Parents who believe a cell phone tower near an elementary school is linked to an outbreak of cancers are battling to have the tower moved.
Four students who attend the school have been diagnosed with cancers in recent years, and parents say that’s no coincidence.
After school officials at Weston Elementary School in Ripon, California, refused to remove a cell phone tower near the school and said their studies showed there was no danger, parents hired an outside expert to study the situation, KOVR reported.
Eric Windheim, an electromagnetic radiation specialist, said that radiation exposure from the tower was far higher than what the school’s research stated it was, KCRA reported.
“I wouldn’t send my kids there at all, it absolutely is dangerous,” Windheim said. “Children are still developing and their cells are still being divided. It’s the worst possible time in their life to be exposed.”
“It is a terrible thing,” parent Richard Rex said, according to the Modesto Bee. “How many children with cancer will it take?”
More than 200 parents jammed a Ripon Unified School District board meeting Monday to demand the tower be moved.
“Just the simple fact that (the cell tower is) a carcinogen should be enough for the district to not want it on campus,” said parent Monica Ferrulli, whose son, who was 10 at the time, was treated for brain cancer in 2010.
“We had a doctor tell us that it’s 100 percent environmental, the kind of tumor that he has,” she said.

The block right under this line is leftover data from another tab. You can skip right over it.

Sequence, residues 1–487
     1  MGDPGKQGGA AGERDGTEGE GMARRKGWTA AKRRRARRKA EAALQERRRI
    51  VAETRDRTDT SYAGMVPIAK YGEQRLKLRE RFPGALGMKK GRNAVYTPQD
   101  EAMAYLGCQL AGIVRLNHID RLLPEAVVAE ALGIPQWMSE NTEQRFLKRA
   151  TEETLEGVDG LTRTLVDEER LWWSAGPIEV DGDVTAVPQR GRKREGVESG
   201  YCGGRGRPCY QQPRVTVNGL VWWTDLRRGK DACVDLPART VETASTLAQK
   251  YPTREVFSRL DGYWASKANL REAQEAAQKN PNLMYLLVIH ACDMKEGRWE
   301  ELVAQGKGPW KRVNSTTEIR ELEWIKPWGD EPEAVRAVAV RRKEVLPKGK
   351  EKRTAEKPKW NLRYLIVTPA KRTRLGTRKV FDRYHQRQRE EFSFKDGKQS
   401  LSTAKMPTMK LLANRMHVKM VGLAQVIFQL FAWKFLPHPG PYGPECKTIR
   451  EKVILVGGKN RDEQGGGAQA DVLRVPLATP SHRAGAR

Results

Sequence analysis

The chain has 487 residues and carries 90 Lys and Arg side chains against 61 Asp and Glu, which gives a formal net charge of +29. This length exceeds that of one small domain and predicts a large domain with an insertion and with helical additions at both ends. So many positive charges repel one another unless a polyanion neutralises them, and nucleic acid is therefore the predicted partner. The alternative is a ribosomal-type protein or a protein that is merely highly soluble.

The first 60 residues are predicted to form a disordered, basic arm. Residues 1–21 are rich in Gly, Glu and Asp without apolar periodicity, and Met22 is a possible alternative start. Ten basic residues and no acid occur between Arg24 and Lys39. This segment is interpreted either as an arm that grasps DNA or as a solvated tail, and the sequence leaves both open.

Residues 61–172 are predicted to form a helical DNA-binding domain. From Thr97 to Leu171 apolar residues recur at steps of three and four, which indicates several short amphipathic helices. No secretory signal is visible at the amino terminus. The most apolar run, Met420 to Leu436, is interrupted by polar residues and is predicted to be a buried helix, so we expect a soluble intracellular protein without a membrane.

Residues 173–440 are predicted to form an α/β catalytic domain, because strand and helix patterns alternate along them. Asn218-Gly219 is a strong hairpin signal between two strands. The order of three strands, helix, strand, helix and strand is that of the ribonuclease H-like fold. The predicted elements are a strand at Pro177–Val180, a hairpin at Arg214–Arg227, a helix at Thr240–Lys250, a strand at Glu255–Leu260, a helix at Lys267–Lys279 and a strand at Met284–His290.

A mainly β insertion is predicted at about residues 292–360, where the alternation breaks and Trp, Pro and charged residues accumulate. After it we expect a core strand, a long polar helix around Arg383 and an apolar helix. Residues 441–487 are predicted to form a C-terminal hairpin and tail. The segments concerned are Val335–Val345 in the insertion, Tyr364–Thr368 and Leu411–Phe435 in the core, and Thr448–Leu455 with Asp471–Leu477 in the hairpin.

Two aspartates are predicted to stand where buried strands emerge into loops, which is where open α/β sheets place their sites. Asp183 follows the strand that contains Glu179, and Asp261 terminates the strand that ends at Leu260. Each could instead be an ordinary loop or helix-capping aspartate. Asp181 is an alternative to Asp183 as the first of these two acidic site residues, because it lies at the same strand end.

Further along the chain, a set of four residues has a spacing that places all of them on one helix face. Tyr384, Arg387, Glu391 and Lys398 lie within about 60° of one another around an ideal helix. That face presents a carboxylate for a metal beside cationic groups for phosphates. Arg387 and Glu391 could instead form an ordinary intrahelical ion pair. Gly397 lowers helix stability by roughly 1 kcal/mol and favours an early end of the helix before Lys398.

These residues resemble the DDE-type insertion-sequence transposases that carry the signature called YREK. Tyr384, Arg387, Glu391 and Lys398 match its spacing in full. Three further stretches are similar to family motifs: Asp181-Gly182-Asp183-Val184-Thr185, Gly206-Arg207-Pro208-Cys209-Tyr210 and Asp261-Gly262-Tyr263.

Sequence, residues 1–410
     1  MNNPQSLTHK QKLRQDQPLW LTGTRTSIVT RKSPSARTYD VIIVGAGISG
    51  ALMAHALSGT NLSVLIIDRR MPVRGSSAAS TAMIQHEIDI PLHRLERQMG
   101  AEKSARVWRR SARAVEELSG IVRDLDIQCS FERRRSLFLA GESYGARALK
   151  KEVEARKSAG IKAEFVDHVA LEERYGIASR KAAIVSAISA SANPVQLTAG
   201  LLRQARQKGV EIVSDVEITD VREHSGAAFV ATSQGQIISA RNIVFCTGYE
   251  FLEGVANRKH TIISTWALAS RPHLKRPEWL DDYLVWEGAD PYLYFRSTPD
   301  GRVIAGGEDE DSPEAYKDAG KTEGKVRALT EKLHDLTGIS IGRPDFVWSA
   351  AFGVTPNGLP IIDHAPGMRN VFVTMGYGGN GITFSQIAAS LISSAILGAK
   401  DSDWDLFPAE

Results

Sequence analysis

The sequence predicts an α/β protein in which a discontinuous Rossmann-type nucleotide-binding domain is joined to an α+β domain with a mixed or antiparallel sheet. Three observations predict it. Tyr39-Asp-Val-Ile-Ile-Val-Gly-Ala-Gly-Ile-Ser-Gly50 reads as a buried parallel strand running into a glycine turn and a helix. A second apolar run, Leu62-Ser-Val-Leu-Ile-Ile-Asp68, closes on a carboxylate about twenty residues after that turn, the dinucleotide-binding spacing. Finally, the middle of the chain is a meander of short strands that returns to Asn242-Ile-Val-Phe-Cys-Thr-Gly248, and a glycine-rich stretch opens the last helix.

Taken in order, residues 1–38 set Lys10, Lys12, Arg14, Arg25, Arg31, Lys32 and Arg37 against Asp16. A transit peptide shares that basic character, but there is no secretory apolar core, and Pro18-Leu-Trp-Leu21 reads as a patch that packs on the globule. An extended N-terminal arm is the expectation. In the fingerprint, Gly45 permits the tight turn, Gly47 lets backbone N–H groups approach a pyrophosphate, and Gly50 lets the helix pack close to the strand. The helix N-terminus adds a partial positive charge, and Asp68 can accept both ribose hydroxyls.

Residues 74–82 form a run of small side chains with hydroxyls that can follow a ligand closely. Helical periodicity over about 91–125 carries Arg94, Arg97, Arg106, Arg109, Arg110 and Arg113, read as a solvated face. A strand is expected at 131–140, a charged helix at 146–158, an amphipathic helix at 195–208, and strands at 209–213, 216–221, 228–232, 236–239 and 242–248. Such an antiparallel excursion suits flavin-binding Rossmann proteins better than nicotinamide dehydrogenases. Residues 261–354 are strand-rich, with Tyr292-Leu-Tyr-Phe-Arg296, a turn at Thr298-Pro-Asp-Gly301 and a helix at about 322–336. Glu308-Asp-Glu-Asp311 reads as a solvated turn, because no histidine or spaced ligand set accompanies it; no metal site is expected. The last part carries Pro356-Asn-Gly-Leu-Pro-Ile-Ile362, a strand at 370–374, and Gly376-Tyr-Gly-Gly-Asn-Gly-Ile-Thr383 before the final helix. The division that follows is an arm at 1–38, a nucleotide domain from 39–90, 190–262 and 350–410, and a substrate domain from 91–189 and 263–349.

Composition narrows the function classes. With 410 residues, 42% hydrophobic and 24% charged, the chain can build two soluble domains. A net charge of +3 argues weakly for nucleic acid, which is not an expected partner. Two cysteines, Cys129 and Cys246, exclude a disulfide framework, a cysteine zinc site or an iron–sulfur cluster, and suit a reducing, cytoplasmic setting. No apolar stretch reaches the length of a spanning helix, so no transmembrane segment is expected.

“He had 14 hours of surgery and 13 rounds of radiation,” Ferrulli said. “He had to learn to walk and talk and do everything again.”
Ferrulli said there is no need to debate the extent of risk students face; that they face any should be enough to get rid of the tower.
On Monday night, school board president board president Kit Oase said the board can’t act because there is no opt-out clause in the 25-year lease the district has with Sprint. He said Sprint would have to agree to move the tower.
“When it comes to the deployment of network infrastructure, we always strive to achieve a win-win process with local municipalities and residents,” said Sprint spokeswoman Adrienne Norton. “We have been working with the community in Ripon to address their concerns.”
Parent Joe Prime, whose son, Kyle, was diagnosed with kidney cancer in 2016, said the evidence is clear that there is a danger.
“It just seems like coincidence is no longer a reason for all this illness,” Prime said.
“Kids shouldn’t be guinea pigs, and we shouldn’t be taking chances with the children’s lives.”
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